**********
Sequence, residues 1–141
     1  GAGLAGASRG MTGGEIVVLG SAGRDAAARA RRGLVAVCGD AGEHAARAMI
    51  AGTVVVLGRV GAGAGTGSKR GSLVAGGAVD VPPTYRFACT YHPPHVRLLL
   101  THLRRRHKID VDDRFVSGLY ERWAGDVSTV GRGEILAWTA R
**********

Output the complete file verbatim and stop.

Sequence, residues 1–141
     1  GAGLAGASRG MTGGEIVVLG SAGRDAAARA RRGLVAVCGD AGEHAARAMI
    51  AGTVVVLGRV GAGAGTGSKR GSLVAGGAVD VPPTYRFACT YHPPHVRLLL
   101  THLRRRHKID VDDRFVSGLY ERWAGDVSTV GRGEILAWTA R